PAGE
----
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The Business of Fashion

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Is There Space for Radical Design in a Climate of Conservatism?

At Milan Fashion Week, the collections that mattered most were all about the radicality of cut, writes Angelo Flaccavento.
Prada Autumn/Winter 2024.
Prada Autumn/Winter 2024. (Getty Images)

MILAN — The mood was sombre at Milan Fashion Week. It’s perhaps understandable. Today’s world is a dark place. Are clothes even relevant in such a climate? Of course, they are. Fashion comes with the promise of renewal and, as such, can offer comfort. Will people buy crazy designs at present? Probably not. At least, that’s what most designers seem to think: everyone is scared, so better play it safe.

This was a bourgeois, bon ton season but it came with moody undertones. The mix worked particularly well at Bally, which Simone Bellotti, in the space of two seasons, has turned into a label to keep an eye on. By blending severe yet soulful tailoring — complete with pleasant Romeo Gigli innuendos — and wild touches such as hairy sheepskin backs on jackets and studs on vests, Bellotti delivered a desirable mix of control and abandon, complete with classic but subtly deranged accessories.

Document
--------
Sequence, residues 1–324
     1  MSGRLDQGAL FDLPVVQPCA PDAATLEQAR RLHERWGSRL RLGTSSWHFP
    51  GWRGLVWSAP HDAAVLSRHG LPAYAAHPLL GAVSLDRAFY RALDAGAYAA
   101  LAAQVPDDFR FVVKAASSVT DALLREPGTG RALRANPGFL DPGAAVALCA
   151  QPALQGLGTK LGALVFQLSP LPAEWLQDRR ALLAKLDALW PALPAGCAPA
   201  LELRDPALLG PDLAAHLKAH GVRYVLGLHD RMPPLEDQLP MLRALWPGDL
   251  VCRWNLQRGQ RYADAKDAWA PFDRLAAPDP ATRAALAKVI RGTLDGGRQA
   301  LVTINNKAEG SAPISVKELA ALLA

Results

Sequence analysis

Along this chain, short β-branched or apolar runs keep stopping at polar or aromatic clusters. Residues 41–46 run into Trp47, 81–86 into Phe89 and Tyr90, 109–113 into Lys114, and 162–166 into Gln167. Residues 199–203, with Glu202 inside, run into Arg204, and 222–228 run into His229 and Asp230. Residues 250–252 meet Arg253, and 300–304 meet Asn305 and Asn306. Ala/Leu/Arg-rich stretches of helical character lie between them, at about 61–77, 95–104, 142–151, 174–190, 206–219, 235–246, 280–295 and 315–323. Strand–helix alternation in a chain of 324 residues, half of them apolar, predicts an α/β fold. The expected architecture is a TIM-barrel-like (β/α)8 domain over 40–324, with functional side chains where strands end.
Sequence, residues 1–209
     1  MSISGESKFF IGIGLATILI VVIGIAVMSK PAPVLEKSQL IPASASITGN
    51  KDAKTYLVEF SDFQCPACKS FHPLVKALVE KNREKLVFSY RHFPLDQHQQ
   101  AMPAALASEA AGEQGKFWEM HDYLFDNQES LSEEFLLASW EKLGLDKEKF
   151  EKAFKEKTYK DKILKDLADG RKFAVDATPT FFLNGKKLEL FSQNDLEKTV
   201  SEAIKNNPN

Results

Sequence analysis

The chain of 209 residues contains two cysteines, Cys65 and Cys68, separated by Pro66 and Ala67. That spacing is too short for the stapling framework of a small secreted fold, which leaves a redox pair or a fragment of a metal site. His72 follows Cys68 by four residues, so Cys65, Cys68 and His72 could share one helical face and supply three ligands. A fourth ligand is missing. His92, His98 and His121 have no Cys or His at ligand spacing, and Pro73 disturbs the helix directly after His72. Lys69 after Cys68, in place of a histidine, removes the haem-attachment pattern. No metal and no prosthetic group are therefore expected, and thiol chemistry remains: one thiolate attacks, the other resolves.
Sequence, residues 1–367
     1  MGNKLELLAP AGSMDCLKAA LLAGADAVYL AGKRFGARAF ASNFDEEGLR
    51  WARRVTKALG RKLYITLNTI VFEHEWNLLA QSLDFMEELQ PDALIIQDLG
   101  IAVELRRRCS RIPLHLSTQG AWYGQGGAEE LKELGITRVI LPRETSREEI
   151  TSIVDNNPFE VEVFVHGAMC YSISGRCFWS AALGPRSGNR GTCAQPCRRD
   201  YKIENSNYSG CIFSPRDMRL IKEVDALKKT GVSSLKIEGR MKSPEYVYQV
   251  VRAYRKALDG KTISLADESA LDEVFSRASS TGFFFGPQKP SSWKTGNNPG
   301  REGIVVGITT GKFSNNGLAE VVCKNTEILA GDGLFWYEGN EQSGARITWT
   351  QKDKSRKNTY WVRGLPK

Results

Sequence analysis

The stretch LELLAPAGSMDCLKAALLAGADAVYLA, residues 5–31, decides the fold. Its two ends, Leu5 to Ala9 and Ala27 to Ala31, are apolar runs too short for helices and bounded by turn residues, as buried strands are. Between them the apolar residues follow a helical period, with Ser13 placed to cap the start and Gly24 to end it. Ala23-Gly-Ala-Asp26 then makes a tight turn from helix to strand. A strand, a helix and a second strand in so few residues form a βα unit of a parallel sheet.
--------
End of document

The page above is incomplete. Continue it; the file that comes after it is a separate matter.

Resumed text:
At Fendi, a similar mix looked contrived and frumpy — bodysuits left undone anyone? Despite claiming inspiration from Silvia Venturini Fendi’s own personal style, the collection shown by artistic director Kim Jones read as out of sync with the Roman exuberance that is key to the brand.

Dark hues do not need to feel bleak. Giorgio Armani made a convincing case that women look wonderful in black. This season felt particularly soft and gentle, with flower motifs lending a pictorial touch to timeless, liquid lines. The mixed blues and blacks that won over the trademark camels at Max Mara were elegantly elongated: a feat of ease that speaks to what busy women really want to wear.


At Etro, where colour and print usually reign, the sight of black might have made die-hard fans gasp, but Marco De Vincenzo managed to make black, mixed with earthy hues, feel lively and layered. This was a standout show for the house: we could finally see De Vincenzo let go and do Etro his own way while still being respectful of the brand’s DNA. The layering of elements — and that included trademark paisley, done in knitwear — was rich, while the peeling yet controlled shapes had a charm of their own.